Background:HIV risk and prevention information is increasingly complex and poses challenges for gay, bisexual and other men who have sex with men (GBMSM) seeking to find, understand and apply this information. A directed content analysis of Canadian HIV websites to see what information is provided, how it is presented and experienced by users, was conducted. Methods: Eligible sites provided information relevant for GBMSM on HIV risk or prevention, were from community or government agencies, and were aimed at the public. Sites were found by using a Google search using French and English search terms, from expert suggestions and a review of links. Eligibility and content for review was determined by two reviewers, and coded using a standardised form. Reading grade level and usability scores were assessed through Flesch-Kincaid and LIDA instruments. Results: Of 50 eligible sites, 78% were from community agencies and 26% were focussed on GBMSM. Overall, fewer websites contained information on more recent biomedical advances (e.g. pre-exposure prophylaxis, 10%) or community-based prevention strategies (e.g. seroadaptive positioning, 10%). Many sites had high reading levels, used technical language and relied on text and prose. And 44% of websites had no interactive features and most had poor usability scores for engageability. Conclusions: Overall, less information about emerging topics and a reliance on text with high reading requirements was observed. Our study speaks to potential challenges for agency website operators to maintain information relevant to GBMSM which is up-to-date, understandable for a range of health literacy skills and optimises user experience.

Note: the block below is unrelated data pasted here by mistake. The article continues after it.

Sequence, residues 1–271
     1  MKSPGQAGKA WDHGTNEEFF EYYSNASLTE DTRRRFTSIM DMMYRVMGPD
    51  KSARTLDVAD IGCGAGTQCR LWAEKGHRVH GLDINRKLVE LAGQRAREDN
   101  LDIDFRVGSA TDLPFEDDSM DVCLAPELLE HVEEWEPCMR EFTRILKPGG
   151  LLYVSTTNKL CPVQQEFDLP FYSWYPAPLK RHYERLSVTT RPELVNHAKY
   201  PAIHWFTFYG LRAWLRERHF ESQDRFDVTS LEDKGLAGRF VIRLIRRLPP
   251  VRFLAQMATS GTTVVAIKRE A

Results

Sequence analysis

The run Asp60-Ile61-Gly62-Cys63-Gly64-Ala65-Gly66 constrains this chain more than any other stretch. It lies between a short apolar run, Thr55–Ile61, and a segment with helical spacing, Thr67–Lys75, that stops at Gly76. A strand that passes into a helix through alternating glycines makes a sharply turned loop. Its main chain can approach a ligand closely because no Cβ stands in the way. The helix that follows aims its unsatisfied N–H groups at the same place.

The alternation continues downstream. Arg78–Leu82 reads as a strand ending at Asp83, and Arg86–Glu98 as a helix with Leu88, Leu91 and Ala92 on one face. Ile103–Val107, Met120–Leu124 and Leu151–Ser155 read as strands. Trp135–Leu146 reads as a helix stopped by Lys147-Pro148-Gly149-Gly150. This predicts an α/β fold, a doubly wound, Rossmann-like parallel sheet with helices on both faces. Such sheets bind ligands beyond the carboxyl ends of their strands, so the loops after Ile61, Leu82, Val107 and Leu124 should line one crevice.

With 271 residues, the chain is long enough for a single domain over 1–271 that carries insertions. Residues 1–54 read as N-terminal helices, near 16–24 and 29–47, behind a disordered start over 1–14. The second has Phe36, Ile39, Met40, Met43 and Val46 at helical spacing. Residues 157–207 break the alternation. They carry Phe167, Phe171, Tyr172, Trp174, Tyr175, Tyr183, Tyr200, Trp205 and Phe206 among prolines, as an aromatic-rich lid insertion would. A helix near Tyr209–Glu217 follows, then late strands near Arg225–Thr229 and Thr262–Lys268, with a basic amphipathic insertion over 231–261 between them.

DOI:  https://doi.org/10.1071/SH18092
  7. Acta Odontol Scand. 2019 Jan 11. 1-6
    El Tantawi M, Bakhurji E, Al-Ansari A, AlSubaie A, Al Subaie HA, AlAli A.